The Lithuanian legal system is based on continental and Romano-Germanic law systems. After the country’s accession to the European Union on 1 May 2004, the legal system has been primarily influenced by European laws which take precedence over the national laws of Member States. The unified court system in the Republic of Lithuania consists of both general and specialised courts.

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There are advocates (advokatai) and apprentices of advocates (advokatų padėjėjai) in Lithuania. With the supervision of an advocate and when it is allowed by law, apprentices of advocates can represent their clients in civil proceedings and defend them in criminal proceedings.

Advocates are free to choose the field of law in which they wish to specialise.

In 2015, there were 2074 advocates, 845 assistant advocates (or apprentices of advocates) and 1102 law firms registered in Lithuania.

Regulation of the legal profession and the Lithuanian Bar Association

The Lithuanian Bar Association is a self-governing professional body responsible for all advocates.

The main functions of the Bar are the following:

• Representation of the interests of the advocates;

• Regulation of the professional activities of advocates;

• Makes decisions on disciplinary liability for the violation of professional ethics by advocates;

• Appoints the members to the Bar Exam Commission and propose the chairman of the Bar Examination Commission;

• Registers lawyers from the Member States of the European Union wishing to practise as an advocate in the Republic of Lithuania;

• Responsible for the improvement of professional qualifications of advocates;

• Participates in the implementation of the state-guaranteed legal aid.

To practise law in Lithuania, one needs to be registered with the Lithuanian Bar Association. The Council of the Lithuanian Bar Association issues the licenses to advocates.

Legislation governing the legal profession is the Code of Professional Conduct for Advocates of Lithuania.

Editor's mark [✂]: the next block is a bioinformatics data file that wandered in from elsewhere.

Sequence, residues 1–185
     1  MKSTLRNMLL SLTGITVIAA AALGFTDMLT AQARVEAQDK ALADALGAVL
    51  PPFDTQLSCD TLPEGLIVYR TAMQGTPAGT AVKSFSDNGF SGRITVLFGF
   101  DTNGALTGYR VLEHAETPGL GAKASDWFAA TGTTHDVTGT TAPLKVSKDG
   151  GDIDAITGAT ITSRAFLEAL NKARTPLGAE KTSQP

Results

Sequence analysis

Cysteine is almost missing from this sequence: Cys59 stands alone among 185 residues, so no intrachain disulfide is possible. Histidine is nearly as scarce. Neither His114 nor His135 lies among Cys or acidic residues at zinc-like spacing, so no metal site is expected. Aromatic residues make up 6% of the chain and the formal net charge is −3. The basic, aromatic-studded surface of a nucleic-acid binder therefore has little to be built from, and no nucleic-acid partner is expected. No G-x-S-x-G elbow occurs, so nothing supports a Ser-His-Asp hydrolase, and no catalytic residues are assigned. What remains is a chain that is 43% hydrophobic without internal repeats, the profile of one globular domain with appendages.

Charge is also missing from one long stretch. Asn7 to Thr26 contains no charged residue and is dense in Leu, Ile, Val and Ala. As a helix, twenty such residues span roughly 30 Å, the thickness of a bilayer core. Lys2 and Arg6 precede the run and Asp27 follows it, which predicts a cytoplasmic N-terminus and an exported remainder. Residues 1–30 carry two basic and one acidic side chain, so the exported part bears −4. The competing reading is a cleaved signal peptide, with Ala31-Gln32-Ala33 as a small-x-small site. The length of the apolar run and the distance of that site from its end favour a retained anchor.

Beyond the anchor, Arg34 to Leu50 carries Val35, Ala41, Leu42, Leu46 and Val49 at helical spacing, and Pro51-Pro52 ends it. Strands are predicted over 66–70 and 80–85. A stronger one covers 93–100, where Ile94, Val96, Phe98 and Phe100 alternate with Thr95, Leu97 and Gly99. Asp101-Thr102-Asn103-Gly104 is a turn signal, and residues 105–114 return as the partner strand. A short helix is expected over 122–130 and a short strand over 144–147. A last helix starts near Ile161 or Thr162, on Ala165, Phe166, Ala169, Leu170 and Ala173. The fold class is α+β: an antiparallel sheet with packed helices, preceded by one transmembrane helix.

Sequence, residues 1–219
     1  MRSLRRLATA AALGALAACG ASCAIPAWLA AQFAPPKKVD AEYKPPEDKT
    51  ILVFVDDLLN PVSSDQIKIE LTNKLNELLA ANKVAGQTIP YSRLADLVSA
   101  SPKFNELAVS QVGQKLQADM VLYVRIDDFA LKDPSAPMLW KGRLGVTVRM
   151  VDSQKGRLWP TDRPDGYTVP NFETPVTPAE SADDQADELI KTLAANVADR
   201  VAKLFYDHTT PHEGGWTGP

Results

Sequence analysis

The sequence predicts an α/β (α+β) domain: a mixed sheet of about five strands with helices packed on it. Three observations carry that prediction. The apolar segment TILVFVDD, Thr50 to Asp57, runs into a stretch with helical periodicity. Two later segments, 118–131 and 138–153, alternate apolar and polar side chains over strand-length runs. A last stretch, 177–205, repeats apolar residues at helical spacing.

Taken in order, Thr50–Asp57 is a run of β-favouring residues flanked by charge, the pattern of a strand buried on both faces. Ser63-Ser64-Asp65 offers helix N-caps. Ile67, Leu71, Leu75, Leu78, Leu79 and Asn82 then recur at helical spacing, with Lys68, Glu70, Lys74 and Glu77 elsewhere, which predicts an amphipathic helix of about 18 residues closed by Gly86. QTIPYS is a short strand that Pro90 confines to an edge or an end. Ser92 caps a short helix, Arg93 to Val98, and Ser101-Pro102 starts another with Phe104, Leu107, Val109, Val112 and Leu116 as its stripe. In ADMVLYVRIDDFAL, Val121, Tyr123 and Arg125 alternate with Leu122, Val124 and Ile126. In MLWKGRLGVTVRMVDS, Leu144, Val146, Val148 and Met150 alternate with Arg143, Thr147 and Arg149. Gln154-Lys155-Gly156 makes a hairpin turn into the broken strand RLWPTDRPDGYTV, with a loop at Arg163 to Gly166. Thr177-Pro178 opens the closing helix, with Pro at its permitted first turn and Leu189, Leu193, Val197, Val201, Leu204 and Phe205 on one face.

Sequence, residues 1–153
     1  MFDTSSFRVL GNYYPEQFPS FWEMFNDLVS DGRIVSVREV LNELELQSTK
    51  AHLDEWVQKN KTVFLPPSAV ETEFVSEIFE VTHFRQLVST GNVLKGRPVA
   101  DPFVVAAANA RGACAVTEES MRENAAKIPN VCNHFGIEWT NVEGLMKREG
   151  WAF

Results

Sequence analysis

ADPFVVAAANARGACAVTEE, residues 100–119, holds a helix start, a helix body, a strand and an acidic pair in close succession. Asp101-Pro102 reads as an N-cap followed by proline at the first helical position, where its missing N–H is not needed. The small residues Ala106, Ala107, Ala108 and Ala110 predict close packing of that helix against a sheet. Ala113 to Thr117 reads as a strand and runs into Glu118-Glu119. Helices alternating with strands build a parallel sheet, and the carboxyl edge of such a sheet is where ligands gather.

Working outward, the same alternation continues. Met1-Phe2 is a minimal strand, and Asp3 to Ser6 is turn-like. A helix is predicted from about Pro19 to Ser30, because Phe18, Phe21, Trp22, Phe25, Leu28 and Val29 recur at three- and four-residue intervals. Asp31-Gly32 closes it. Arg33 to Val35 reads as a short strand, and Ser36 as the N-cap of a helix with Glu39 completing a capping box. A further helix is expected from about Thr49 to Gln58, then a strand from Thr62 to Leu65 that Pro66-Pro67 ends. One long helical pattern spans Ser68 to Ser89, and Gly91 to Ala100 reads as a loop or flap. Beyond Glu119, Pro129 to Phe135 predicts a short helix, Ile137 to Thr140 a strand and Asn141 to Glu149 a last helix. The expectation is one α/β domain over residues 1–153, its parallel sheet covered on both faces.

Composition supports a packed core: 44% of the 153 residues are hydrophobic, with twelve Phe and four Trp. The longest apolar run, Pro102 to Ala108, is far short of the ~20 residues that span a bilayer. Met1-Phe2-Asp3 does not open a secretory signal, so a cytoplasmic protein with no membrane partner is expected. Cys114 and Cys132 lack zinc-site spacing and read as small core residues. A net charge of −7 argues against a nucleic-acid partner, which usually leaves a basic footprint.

In order to become an advocate, one needs to: 1) be a national of the Republic of Lithuania or of another EU Member State; 2) hold a bachelor’s or master’s degree in law, or a lawyer’s professional qualification degree (one-cycle university education in law); 3) have a record of at least five years of service in the legal profession or have served an apprenticeship as an advocate’s assistant for a period of at least two years and 4) have passed an advocate’s qualification examination.

The legal services provided by advocates are the following:

• Legal consultations (legal advice);

• Drafting of legal documents;

• Representation on legal matters;

• Defence and representation in legal proceedings;

• Advocates may practice individually; on the basis of partnership without establishing a legal person or by establishing a legal person – a professional partnership of advocates.

Advocates may practice individually, on the basis of partnership without establishing a legal person or by establishing a legal person – a professional partnership of advocates.

An advocate can choose only one form of practice but it is allowed to change the form of practice. Having changed the form of practice, the advocate must inform the Lithuanian Bar Association.



Foreign lawyers and law firms

An EU, EEA or Swiss lawyer must register with the Lithuanian Bar; practise under his home title; comply with the Lithuanian code of conduct and must maintain adequate professional indemnity insurance. EU firms may open branches in Lithuania and operate multijurisdictional offices. There are a few European law firms in Lithuania including firms from the UK, German and other Baltic States.

Entry of non-EU firms is allowed only through partnership with local law firms. Foreign lawyers may provide services in the law of their home country and in international law.

Foreign law firms are only permitted in the form of partnerships with Lithuanian lawyers. There are various registration requirements with the Company registrar (depending on form of partnership), VAT and social security authorities.



Foreign lawyers from an EU Member State, EEA country or Switzerland may re-qualify as advocates, and can do so in two ways..

• Through Art. 10 of the Establishment Directive 98/5/EC, under conditions of nationality and after three years of regular and effective practice of Lithuanian law in Lithuania. Applicants need to contact the Lithuanian Bar;

• Through the Diplomas Directive 89/48/EEC, now incorporated into the Recognition of Professional Qualifications Directive 2005/36/EC, by sitting the relevant equivalence examination administered by the Lithuanian Bar.

For more information see:

• the Recognition of Professional Qualifications Directive 2005/36, which replaced the 1989 Diplomas Directive (89/48); or

• Article 10 of the 1998 Lawyers’ Establishment Directive.


Lithuania joined the WTO on 31 May 2001.

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